Not For Lack of Trying

Sorry I haven’t been around in a while, but since June, it’s been kinda busy.  A new idea thwapped me upside the head the same night as the Variety Club fundraiser, and actually, that’s where the story began.  It gives me chills to go back there now, because I was exactly where Will and Sara first met.  Since then I’ve rewritten the MS a couple of times and I still have a few scenes to go–including the Big Black Moment, the resolution, and a love scene or two, not in that order–but I’m breathless when I see what’s happening on the screen.

I attended the NJRW Conference last week and came away with so much inspiration, it was amazing.  The best of it was after the first day of workshops and I sat alone in the hotel room, laptop on lap, hands on keys, and I was jotting down notes so the next chance I had some time, I’d be able to pick up with the next scene and take off, only I caught myself writing some notes to me, too.  For the life of me, I can’t tell you who said this, but when I was done, this is what I saw on the screen: 

“that’s weak but I know you can do better when you get there; just let go and leave it all on the page, sweetie.”

Someone talked to me.  It wasn’t my critique partner, Hope Ramsay (with whom I shared a room and the misery of watching my beloved Phillies end their season on a backwards K by Ryan Howard; what, me, bitter?  Nah).  It wasn’t my bestest long distance friends, Jaye Garland and Jan Nash.  (Waving all the way to Houston!)  I couldn’t tell you who it was, but I know someone spoke to me, and ever since then, my voice has changed.  Whenever I get anxious about a major scene in which the character has to change, I remind myself to quit being scared, open up from the inside, and leave it on the page. 

One example happened today, when I had a scene where Will, the hero, can’t understand why the heroine, Sara, keeps thinking she’s a lesser person than he is, just because he’s virtually a Kennedy with a budding career in politics, and she dropped out of college with an unplanned pregnancy.  This was what I wrote:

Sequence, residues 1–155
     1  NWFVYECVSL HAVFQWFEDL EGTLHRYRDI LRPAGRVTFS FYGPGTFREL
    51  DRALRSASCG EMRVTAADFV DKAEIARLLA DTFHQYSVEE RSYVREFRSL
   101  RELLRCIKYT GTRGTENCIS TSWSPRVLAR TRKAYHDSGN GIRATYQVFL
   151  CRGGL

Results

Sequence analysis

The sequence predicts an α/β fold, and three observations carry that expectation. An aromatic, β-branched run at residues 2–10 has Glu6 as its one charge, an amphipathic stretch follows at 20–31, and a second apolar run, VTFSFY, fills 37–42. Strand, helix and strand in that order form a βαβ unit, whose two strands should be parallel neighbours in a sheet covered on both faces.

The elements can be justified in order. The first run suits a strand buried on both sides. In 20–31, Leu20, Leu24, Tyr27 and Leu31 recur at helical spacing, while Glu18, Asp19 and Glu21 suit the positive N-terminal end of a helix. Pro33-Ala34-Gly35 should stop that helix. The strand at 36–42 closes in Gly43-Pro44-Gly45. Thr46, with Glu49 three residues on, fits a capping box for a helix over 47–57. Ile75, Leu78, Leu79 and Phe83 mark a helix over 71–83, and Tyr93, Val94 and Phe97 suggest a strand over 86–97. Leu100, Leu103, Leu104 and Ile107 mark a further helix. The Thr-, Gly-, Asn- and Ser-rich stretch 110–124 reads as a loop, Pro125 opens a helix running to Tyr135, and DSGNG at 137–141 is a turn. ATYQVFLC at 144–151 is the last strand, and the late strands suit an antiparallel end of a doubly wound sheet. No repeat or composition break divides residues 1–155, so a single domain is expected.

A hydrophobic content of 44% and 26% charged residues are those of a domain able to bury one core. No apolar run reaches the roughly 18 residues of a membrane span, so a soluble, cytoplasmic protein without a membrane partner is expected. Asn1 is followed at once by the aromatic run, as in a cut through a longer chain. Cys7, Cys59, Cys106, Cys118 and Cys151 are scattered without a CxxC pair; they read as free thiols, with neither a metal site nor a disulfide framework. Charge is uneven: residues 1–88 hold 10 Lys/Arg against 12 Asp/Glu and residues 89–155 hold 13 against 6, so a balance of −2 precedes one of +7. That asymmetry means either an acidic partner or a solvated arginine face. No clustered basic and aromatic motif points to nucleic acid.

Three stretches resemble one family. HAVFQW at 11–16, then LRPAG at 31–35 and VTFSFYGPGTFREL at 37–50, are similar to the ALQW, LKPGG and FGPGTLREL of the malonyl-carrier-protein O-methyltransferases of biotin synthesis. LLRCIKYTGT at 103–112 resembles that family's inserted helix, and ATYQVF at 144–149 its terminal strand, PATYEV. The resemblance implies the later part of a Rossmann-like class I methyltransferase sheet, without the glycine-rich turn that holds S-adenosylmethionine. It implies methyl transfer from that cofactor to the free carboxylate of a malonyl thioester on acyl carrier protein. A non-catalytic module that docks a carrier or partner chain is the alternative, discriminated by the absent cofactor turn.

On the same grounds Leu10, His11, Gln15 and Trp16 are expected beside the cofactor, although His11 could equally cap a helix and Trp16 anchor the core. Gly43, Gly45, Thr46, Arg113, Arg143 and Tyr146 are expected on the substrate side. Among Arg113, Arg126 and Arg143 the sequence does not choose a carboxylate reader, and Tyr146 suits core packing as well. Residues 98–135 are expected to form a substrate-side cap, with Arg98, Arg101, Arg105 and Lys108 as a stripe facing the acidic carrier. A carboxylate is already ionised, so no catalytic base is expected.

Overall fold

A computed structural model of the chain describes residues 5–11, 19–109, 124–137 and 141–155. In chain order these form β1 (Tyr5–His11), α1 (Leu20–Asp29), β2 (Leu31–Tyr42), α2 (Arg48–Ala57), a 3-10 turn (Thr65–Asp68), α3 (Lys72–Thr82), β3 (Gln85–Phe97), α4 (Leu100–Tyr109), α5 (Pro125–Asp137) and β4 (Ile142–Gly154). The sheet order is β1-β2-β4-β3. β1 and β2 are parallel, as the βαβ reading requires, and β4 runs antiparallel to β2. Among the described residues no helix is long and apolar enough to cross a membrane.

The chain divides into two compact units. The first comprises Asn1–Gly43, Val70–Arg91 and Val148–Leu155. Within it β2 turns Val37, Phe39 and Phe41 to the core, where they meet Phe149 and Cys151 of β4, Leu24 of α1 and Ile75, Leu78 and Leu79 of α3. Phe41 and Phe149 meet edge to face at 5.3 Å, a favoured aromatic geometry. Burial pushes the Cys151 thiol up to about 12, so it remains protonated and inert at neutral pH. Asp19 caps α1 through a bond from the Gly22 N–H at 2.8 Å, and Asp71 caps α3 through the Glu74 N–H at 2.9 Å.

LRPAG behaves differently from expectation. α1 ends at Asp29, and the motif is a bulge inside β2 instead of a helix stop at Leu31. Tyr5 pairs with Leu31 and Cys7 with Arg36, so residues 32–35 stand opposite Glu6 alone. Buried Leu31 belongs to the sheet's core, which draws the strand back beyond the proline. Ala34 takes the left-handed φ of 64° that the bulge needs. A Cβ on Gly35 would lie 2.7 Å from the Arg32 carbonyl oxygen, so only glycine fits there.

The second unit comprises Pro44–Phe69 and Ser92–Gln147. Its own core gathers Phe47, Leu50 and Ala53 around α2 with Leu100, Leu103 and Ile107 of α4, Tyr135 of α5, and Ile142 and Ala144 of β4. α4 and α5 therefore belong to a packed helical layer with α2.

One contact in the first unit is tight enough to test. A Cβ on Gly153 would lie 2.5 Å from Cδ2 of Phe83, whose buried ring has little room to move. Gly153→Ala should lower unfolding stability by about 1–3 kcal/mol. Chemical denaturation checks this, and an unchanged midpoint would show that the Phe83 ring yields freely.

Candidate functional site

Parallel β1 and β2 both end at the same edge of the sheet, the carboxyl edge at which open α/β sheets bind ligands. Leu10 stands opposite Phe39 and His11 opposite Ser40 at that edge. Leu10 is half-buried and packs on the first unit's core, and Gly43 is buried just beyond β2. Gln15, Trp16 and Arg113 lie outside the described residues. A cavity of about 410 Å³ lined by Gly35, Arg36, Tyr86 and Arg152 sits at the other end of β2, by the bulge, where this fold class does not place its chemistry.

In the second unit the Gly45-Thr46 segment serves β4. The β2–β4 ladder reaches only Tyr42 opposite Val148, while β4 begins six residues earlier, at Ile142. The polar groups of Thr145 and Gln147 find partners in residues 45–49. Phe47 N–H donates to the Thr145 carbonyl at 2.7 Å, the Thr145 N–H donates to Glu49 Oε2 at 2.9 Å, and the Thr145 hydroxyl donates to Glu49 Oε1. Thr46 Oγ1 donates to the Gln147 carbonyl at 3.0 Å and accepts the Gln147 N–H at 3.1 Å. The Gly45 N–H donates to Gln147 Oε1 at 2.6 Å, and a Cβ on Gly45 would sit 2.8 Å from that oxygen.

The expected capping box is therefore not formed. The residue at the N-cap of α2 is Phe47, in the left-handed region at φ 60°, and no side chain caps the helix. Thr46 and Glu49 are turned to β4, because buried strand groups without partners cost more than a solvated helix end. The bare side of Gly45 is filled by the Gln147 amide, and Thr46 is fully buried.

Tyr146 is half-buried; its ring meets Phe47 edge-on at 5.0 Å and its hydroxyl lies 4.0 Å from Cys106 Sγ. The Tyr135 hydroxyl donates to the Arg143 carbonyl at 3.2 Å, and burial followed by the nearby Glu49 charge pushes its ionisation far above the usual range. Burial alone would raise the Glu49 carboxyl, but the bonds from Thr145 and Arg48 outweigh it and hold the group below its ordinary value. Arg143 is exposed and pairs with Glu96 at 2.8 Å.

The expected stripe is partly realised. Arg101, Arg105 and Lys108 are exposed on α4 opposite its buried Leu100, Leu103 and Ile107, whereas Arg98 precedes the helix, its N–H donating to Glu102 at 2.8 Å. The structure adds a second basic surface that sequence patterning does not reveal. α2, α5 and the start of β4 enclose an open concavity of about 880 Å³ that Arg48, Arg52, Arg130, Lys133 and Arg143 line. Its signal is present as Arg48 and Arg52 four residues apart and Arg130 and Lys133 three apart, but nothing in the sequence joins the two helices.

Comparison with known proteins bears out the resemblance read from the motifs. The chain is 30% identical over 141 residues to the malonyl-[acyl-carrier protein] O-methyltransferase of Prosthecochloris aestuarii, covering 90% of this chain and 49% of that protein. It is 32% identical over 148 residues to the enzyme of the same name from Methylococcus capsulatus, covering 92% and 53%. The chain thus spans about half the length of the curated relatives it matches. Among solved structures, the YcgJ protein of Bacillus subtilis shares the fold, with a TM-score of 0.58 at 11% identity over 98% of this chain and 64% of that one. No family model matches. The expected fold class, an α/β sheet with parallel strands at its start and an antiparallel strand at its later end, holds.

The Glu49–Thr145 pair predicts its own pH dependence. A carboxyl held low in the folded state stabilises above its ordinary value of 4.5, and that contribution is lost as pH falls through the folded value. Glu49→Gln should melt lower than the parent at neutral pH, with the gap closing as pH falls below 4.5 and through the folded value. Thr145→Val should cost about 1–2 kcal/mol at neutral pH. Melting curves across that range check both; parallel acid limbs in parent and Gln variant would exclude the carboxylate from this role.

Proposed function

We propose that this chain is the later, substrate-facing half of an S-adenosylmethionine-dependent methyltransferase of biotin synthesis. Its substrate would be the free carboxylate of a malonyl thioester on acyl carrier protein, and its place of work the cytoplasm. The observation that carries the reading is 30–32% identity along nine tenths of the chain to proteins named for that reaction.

““Talk to me, Sara,” he said, not singing, his eyes the only thing holding her in place.  “I need to know why you’re so nervous around me. I’m as human as you are.”  When she chuckled softly, his brows creased.  “See, you’re doing it again.  What’s that all about?”

            “You don’t see it, do you?”

            He stopped playing.  “What I see is a gorgeous, courageous woman who would lay down her life for the people she loves.  I see a woman who’s true to herself above everything else.  I see a woman who doesn’t back down if something stands between her and what her daughter needs.  I see a woman I admire so much that it hurts.  If there’s something that makes me different from you, Sara, then tell me what it is so I can change.””

I knew the characters were different, and that Will envied her her freedom to decide her path, rather than being burdened by his family’s obligations and doing what’s expected of him, but never once did I think, “Will wants to change for her.”  It left me breathless and wondering, “Where did THAT come from?”  And loving it, of course.

Okay, so maybe it’s not a surprise that Will loves Sara. 

BTW, I’ll be blogging more regularly over at Blame It On the Muse.  My last entry there went up on Monday, October 25th, and I’m pretty proud of that one too, so please go check it out.

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